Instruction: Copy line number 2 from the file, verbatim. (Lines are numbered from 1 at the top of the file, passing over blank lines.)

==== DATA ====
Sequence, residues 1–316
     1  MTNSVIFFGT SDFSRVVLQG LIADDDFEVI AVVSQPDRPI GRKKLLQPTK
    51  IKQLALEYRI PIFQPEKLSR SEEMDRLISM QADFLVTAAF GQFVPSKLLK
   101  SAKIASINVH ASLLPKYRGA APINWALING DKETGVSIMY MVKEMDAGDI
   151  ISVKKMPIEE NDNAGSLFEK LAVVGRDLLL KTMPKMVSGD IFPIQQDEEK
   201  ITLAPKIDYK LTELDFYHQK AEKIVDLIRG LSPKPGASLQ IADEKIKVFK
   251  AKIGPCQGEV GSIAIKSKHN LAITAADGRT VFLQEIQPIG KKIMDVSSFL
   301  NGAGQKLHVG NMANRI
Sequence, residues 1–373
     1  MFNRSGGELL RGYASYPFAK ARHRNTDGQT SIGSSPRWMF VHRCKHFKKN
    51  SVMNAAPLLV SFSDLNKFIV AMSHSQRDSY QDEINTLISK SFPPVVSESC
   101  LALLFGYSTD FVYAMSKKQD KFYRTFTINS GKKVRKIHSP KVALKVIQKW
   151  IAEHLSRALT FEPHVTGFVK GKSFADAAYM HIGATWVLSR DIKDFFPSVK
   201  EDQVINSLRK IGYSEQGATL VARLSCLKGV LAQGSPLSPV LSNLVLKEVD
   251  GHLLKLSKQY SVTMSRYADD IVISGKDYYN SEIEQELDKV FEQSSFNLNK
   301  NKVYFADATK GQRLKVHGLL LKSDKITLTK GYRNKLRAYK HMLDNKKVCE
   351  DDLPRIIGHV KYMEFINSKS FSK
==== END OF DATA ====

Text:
     1  MTNSVIFFGT SDFSRVVLQG LIADDDFEVI AVVSQPDRPI GRKKLLQPTK